Three original Rife Machines have been found. Find out how they really worked by reading:
The Rife Machine Report
The Rife Machine Report
Dr. Rife's Gating
In the original 1920’s/1930’s high frequency equipment gating was used to shape the RF or high radio frequency sine wave waveform so that it had a high potential voltage rise on the leading edge. Sine waves do not have an instantaneous rise like a damped wave or a square wave. They rise like the rolling waves on an ocean. The original sine wave waveform was shaped into a damped waveform by using a single audio frequency of about 1330 Hertz. By 1936 the damped waveform was changed. The new waveform which was created looked like a square wave except it slanted down on the top of the waveform. It was basically a poor square wave. Today many call it the Hoyland wave. That is because it was Dr. Rife's engineer, Philip Hoyland, who replaced the damped wave with this new waveform in the 1936/39 Rife Ray #5 or Beam Ray clinical machine. Below you will see three photos. The first photo is of a sine wave waveform. The second photo is of a damped wave waveform. The third photo is the Hoyland wave (a poor square wave) which replaced the damped wave waveform in 1936.
By the 1950’s a true square wave waveform was used instead of Hoyland’s poor square wave. So gating in the original equipment was only used to shape the sine wave waveform into a damped wave or a square wave waveform. Today gating is not used to shape the waveform as in the original equipment but it is used to add an additional pulse to the waveform by turning the waveform ON and OFF.
In the original Dr. Gruner machine which was built by Philip Hoyland there was only one fixed low audio frequency of about 1330 Hertz used for gating. But the original 1936/39 Hoyland machine called the Rife Ray #5 or Beam Ray Clinical instrument was advanced forward in electronics and used a variable low audio frequency circuit. With this variable audio circuit no separate gating circuit was needed because the variable low audio frequency circuit would do the same thing. It would gate or shape the high RF sine wave frequency into the shape of a square wave. This use of a variable audio circuit also produced many high RF sideband frequencies. In simple terms the fixed gating frequency was no longer needed because of the variable audio circuit. But many people today want to have the ability to add an additional second pulse to the waveform so this is what gating is used for today. Below is a photo of a 1000 Hertz square wave waveform with no gating. The square wave duty cycle is 80%.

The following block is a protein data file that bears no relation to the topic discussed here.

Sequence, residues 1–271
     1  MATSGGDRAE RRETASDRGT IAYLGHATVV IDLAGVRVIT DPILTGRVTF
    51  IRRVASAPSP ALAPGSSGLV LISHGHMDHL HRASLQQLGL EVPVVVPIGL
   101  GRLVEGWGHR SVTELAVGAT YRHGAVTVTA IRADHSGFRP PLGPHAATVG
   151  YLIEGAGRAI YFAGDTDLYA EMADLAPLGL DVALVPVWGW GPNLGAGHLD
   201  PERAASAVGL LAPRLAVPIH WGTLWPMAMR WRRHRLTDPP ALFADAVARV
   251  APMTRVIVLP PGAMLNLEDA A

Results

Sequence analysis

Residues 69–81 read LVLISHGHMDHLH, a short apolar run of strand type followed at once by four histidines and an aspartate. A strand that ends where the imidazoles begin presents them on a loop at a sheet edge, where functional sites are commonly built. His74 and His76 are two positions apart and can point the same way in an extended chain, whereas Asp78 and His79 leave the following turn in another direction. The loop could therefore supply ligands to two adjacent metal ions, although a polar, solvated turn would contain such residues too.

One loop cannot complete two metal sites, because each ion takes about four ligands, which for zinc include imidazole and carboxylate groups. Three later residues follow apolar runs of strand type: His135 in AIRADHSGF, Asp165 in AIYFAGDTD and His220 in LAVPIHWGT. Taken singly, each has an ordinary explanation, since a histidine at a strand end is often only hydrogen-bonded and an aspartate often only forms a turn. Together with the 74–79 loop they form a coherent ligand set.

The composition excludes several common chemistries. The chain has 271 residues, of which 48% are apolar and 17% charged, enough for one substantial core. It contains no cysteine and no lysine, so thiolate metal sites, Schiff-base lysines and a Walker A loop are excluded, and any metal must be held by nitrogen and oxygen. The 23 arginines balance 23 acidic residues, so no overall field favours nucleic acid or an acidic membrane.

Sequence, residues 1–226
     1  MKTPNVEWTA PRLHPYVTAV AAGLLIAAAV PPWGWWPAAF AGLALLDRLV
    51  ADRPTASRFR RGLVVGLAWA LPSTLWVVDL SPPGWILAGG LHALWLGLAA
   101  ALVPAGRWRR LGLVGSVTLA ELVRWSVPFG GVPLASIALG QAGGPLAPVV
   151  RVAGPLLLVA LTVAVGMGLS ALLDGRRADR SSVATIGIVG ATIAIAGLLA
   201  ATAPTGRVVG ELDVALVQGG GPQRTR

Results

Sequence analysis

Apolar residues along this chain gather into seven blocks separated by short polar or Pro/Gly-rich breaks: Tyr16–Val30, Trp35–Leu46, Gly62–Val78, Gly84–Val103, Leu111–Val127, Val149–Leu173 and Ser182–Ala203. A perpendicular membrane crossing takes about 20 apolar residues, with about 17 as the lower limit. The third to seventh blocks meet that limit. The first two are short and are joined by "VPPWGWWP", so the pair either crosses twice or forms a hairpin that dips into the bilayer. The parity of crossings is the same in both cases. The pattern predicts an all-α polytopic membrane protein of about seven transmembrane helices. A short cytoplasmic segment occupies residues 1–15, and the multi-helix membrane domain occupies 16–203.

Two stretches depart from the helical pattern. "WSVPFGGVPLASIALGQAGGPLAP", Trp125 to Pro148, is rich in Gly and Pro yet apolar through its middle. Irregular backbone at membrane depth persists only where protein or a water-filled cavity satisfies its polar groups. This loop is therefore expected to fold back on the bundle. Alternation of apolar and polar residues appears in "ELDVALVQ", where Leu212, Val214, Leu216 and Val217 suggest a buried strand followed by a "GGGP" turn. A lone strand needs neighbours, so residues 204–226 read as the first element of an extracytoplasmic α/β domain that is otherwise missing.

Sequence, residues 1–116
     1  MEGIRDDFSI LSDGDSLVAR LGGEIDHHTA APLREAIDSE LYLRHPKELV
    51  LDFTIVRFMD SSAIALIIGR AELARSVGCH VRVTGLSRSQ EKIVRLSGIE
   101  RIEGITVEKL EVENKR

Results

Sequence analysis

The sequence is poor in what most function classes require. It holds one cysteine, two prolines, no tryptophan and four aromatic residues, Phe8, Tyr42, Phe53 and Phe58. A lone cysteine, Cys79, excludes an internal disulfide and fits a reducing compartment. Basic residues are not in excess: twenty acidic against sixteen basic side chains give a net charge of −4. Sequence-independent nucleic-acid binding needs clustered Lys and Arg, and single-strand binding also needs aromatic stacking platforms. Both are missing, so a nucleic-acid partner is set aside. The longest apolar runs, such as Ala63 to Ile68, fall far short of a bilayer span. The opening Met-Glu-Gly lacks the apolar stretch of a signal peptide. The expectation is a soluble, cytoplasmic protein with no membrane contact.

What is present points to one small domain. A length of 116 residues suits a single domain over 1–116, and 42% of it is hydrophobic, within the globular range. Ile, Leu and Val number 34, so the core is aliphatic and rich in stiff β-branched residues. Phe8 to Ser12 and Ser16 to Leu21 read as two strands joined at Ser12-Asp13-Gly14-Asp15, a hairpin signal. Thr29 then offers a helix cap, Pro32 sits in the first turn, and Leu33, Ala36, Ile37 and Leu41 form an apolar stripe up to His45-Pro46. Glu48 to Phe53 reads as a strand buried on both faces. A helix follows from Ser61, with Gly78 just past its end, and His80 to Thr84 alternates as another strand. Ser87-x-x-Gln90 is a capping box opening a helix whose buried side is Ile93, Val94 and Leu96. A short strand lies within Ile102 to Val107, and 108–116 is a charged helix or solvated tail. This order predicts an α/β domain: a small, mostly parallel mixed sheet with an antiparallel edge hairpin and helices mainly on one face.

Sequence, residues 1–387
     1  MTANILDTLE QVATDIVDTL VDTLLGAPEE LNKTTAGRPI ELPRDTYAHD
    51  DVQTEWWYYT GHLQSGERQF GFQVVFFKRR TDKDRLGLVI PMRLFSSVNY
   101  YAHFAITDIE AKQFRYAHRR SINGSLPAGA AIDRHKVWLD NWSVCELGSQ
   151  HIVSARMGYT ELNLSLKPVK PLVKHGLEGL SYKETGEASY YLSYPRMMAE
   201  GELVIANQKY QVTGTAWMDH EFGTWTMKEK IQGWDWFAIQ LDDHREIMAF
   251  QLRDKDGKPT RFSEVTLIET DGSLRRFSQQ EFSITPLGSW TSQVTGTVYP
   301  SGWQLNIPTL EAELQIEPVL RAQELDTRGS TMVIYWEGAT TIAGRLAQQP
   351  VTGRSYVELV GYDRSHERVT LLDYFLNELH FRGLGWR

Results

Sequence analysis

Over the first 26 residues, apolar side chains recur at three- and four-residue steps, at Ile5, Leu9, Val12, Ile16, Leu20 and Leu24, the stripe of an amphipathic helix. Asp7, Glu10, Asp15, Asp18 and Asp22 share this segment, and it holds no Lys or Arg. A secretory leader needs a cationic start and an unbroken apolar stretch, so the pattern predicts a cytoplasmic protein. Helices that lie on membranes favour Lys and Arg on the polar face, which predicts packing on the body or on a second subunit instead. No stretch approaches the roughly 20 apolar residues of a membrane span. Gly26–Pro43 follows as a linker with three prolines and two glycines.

The next photo shows the same 1000 Hertz square wave waveform using a 75% gating duty cycle. The large gaps in the frequency is the gate. You will notice that the ON time of the frequency is 75% and the OFF time of the frequency is 25%.
The next two photos show a 50% gate and a 25% gate.
These photos of waveforms show how gating works and how it adds an additional pulse to the waveform depending on the duty cycle of the gate. Not only can the gate duty cycle be adjusted but the cycles per second or Hertz can also be adjusted. By doing this it can vary the pulsing in the waveform. In Dr. Rife's original equipment the gate was fixed at a 50% duty cycle and the cycles per second were about 1330 Hertz.
With this understanding of gating we can now explain a few more things about gating which also need to be understood. If gating is used it will reduce the power output of any frequency being run. This power loss is in addition to the power lost with the square wave duty cycle. Below is a photo of a 50% duty cycle square wave with no gating.
In the photo above you can see by the duty cycle percentage that you only have 50% of the power in a frequency if you use a 50% duty cycle. This is due to the fact that 50% of the power is lost in the OFF time of the frequency. If you had an instrument that had a true RMS (RMS is true power) 50 watt output then you would lose 25 watts of energy because of the OFF time. There would be 50 watts of energy in the waveform, but only for the ON time.
Now if you use a 50% gate, shown in the next photo below, you would lose an additional 50% more energy in the waveform. The 50% gating duty cycle would reduce the power in the waveform to 12.5 watts of energy.
For the reasons just explained gating should only be used if you really understand what it does and how it affects the power output of the frequency you are running. Most people use gating without understanding what it is and how it works. Usually there is sufficient pulsing in the square wave waveform without the use of gating due to the fact that the square wave waveform is already pulsing the frequency being used. If a person wants to try gating and see if it helps having a good understanding of how gating works will help them to choose a gate duty cycle and gate rate that may work the best.
Chapter Summary: Dr. Rife used gating in his instruments. His gating was a fixed audio frequency circuit which gated or pulsed the high RF or Radio frequencies he was using. Dr. Rife's engineer, Philip Hoyland, in 1936 replaced the fixed audio circuit with a variable audio circuit. With the use of the variable audio circuit the fixed gating circuit was no longer needed. The use of gating today is an additional pulse which was not used in Dr. Rife's original equipment. This additional gating will reduce the power output in the waveform it is used with. This additional gating may or may not be helpful and only the user can determine this.